Animism and Polytheisms’ basic premise is a (or many) powerful social and spiritual contract(s), understanding(s), and/or relationship(s) between a worshiper and their God(s), Ancestors, and/or spirits.  Each offering builds up the relationship between them, further cementing this relationship, this social/spiritual contract expressed through reciprocity.  Each time Gebo is made, it furthers the spiritual growth and communication between the worshiper and their Gods, Ancestors, and/or vaettir.  Exponential growth is not part of the expectation of a polytheist viewpoint because 1) such a thing is an impossibility in all but the abstract, and 2) our own Gods can and in many cases, do go through life cycles or ways of change themselves.  Our Gods do not remain static, so our relationships cannot be so.  If we cannot expect our Gods to do such a thing, how can we expect ourselves, or our world to?

Ideology is not simply imposed on ourselves. Ideology is our spontaneous relationship to our social world, how we perceive each meaning, and so on and so on…to step out of ideology is a painful experience.

In this way, with using They Live as the backdrop, Žižek talks about ideology as our framing device.  How it is formed really without us thinking, it is our response to the world, how we frame our understanding and reactions to it.  It is the basis for how we relate to one another, things, the world around us, the Gods, Ancestors, vaettir.  It helps us to determine what we cultivate in our lives because it determines what is important to cultivate in the first place.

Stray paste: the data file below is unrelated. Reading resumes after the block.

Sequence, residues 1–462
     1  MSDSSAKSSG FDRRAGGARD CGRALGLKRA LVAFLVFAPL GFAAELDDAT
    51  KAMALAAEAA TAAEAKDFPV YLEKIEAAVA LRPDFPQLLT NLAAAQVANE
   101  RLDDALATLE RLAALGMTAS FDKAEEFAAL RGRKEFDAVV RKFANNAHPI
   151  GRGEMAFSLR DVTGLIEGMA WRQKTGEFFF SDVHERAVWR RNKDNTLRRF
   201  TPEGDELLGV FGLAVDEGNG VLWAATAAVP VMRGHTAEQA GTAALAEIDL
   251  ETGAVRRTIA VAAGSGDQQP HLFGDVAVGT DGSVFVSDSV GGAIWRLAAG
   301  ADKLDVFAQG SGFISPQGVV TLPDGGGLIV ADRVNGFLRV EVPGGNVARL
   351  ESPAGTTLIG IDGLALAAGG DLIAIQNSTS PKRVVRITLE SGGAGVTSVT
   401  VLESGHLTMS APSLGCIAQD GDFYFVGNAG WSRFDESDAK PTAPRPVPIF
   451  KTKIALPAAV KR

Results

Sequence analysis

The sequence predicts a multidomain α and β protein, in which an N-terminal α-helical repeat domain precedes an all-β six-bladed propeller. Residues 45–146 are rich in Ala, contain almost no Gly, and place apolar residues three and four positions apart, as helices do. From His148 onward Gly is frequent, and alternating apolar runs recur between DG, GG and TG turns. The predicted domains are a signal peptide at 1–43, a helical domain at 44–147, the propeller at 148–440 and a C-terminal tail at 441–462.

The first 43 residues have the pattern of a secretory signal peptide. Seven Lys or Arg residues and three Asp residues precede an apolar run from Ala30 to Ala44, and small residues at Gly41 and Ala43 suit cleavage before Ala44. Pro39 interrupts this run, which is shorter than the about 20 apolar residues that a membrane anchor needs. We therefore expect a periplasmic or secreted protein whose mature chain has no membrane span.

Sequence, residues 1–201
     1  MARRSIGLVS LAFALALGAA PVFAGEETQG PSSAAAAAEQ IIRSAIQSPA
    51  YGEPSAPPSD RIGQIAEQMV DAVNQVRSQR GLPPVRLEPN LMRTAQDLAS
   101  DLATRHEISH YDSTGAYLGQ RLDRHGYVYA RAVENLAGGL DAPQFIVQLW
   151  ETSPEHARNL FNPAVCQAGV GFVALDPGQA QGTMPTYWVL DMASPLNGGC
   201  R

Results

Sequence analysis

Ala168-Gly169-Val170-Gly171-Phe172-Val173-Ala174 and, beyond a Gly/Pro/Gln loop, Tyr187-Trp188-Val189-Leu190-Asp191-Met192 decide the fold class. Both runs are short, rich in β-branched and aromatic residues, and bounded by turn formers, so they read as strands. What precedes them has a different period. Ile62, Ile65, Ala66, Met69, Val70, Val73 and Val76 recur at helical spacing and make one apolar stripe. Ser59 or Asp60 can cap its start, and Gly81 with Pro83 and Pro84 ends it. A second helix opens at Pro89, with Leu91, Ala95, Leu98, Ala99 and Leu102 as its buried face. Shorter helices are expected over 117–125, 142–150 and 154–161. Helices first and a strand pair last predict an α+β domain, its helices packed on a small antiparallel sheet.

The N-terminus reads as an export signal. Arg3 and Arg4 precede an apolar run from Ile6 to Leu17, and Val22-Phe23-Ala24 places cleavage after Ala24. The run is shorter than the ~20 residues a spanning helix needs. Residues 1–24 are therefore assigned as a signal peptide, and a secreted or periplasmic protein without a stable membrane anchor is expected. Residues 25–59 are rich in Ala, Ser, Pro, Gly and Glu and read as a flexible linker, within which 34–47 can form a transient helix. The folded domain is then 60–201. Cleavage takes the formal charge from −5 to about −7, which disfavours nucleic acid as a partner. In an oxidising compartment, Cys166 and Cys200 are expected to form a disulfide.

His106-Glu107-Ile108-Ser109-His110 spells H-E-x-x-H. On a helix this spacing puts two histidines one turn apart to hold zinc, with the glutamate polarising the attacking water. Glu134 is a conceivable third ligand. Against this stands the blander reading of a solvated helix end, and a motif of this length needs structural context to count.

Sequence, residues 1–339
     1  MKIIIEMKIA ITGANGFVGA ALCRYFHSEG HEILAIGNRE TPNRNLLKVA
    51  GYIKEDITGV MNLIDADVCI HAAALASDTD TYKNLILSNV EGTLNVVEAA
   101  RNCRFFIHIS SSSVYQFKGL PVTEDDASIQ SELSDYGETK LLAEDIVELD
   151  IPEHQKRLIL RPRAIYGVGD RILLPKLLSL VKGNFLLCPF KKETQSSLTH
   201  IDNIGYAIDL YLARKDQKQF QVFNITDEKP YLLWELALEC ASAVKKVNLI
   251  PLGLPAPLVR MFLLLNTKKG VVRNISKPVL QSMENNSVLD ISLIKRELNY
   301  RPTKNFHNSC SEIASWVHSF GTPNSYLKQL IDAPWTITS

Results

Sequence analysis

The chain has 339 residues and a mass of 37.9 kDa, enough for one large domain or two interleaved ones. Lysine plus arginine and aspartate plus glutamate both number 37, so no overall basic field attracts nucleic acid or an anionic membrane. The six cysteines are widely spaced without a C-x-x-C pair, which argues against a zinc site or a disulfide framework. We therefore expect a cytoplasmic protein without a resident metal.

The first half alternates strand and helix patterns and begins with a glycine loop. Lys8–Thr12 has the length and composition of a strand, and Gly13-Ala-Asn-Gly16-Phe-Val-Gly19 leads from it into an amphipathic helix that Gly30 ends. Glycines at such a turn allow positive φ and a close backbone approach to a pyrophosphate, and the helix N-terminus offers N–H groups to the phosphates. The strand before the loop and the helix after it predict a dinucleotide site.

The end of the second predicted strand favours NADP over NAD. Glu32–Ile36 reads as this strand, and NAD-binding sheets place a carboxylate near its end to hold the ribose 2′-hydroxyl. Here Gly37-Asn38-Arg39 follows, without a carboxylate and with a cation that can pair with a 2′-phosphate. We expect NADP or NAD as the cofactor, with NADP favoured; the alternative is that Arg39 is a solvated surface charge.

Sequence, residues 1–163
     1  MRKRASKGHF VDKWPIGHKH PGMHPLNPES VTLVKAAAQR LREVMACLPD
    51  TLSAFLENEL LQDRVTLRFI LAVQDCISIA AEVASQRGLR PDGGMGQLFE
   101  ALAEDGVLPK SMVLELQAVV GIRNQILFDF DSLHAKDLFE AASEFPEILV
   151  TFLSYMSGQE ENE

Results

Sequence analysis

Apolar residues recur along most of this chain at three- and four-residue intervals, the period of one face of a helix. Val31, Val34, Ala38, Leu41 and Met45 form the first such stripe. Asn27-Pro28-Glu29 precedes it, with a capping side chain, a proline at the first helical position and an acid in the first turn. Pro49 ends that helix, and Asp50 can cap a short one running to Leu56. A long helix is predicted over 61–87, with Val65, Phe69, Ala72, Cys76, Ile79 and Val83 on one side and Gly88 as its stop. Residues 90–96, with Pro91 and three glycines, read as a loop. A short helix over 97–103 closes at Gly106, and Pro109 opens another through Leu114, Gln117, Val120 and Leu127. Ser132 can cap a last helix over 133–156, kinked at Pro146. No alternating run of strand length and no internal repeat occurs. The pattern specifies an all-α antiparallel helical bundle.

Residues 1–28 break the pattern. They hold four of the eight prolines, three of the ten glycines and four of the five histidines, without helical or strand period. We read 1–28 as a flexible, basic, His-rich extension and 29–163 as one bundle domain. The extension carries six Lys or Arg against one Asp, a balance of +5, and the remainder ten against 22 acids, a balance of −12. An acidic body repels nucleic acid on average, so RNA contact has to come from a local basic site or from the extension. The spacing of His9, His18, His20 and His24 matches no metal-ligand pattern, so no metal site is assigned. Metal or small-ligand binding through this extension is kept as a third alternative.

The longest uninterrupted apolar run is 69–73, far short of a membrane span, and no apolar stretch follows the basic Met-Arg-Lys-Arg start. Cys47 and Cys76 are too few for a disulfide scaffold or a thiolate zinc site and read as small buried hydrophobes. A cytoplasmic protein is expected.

The extreme violence of liberation.  You must be forced to be free.  If you only trust your spontaneous sense of ideology you will never get free.  Freedom hurts.

Animists and polytheists, myself included, have written about the Filter as, among other things, a Being/thing that acts as a filter on our relationships with the Holy Powers,  One of its most insidious and hard to disrupt ways of doing this is acting through the spontaneous ideologies generated by the way that our society hard-conditions us to accept the ways of doing things as ‘normal’, and to reject the ways I have talked above in which we are called as polytheists to live with the world and the Holy Powers.  There is a loss that comes with accepting and understanding ourselves as polytheists.  We lose the ability to indulge in our over-culture’s wanton destruction of the environment, indigenous peoples, and sacred places.  We lose the ability to stand by and be at ease with the way our energy is mined for, made, and pollutes.  We lose the ability to be mindless consumers.  It is far easier to be so, if only because that is the dominant ideology.  Lived polytheism requires thought, discernment, care, living relationships, and an entirely different frame of mind than the over-culture.  After all, the ways of relationality in capitalism is through the consumed thing.